eISSN: 2084-9885
ISSN: 1896-6764
Neuropsychiatria i Neuropsychologia/Neuropsychiatry and Neuropsychology
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vol. 7

Review article
Postpartum mood disorders – update 2012

Rafał Jaeschke
Marcin Siwek
Dominika Dudek

Neuropsychiatria i Neuropsychologia 2012; 7, 3: 113–121
Online publish date: 2012/11/20
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The aim of this paper is to highlight the up-to-date knowledge on postpartum mood disorders: postpartum depression (PPD), postpartum psychosis (PP), postpartum hypomania (PH), and maternal blues (MB).

Postpartum depression (characterized by the features of a moderate or severe major depressive episode) affects about 7-20% of postpartum women. Current evidence suggest that women are susceptible to developing PPD during the entire first year following delivery. The core clinical features of PPD are low self-esteem, tension, and hypochondria. The Edinburgh Postnatal Depression Scale is a standard tool used in screening for PPD. PPD has been included in the Ghaemi et al.’s diagnostic criteria for bipolar spectrum disorders.

Postpartum psychosis is a psychiatric emergency condition, characterized by high severity and rapid deterioration of symptoms, once described as ‘psychosis of delirium-like appearance’. It affects 0.1-0.2% of postpartum women. 72-80% of PP cases are due to bipolar disorder (BD) or schizoaffective disorder. The condition is an obligatory indication for hospitalization. Mood stabilizers (usually in combination with atypical antipsychotics) are a mainstay of therapy for subjects with ‘bipolar’ PP.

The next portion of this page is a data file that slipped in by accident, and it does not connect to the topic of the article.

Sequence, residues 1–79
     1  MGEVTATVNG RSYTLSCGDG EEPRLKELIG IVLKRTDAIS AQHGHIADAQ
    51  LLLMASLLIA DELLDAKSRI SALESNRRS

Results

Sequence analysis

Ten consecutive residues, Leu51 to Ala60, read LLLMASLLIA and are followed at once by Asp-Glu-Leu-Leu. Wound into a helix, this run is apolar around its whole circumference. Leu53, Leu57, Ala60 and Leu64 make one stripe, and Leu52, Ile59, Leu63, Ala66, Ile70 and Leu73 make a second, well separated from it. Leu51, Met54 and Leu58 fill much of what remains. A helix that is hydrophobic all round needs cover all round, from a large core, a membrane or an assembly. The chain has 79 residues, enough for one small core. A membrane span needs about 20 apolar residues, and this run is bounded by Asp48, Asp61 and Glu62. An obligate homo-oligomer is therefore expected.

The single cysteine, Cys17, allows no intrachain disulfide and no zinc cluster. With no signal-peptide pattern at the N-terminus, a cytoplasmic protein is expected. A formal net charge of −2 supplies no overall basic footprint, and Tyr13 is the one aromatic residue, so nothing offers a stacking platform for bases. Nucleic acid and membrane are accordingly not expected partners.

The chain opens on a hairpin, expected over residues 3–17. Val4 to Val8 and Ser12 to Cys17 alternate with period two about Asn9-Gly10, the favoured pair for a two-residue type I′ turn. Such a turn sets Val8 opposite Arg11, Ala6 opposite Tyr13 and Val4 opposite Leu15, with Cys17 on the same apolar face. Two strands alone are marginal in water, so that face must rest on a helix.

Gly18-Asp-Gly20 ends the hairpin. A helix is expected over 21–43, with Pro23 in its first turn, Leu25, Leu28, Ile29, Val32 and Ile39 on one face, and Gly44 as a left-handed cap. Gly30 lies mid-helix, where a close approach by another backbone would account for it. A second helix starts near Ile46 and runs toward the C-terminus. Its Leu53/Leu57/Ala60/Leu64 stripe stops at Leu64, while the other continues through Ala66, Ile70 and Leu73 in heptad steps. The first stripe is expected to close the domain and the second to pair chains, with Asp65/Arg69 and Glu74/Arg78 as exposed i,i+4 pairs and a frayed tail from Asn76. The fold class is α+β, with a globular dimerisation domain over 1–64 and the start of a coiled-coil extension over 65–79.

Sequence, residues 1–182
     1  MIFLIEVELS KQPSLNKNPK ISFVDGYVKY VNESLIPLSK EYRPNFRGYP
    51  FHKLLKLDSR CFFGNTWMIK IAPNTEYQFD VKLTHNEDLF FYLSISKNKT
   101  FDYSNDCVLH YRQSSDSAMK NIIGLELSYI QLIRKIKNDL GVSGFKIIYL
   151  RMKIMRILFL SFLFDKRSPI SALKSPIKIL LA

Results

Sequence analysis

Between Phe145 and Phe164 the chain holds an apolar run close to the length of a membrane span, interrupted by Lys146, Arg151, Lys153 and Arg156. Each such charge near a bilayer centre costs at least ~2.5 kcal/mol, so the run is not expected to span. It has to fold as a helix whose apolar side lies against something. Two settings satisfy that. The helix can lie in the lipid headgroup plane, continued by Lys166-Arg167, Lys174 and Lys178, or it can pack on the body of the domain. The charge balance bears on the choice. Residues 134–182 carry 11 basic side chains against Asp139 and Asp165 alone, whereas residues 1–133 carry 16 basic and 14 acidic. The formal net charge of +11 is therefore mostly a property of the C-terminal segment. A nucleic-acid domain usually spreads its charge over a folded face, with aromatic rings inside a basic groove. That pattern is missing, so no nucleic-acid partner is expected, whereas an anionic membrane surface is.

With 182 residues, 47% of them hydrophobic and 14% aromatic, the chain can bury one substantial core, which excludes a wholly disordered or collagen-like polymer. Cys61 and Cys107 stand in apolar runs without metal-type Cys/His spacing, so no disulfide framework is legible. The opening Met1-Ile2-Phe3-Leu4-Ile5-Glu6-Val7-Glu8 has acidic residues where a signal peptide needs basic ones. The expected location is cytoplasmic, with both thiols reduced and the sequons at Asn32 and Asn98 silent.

Typically PH develops on the first day postpartum. Its prevalence has been estimated at 10-20%. The disorder is a significant risk factor for developing PPD. The ‘Highs’ Questionnaire is a validated tool used in screening for PH.

Maternal blues is a syndrome of mild, self-restricting mood disorders, usually developing in the early postpartum period. Although often considered to be a physiological phenomenon, it is an established risk factor for developing PPD or postpartum anxiety disorders.

postpartum, depression, psychosis, hypomania, blues

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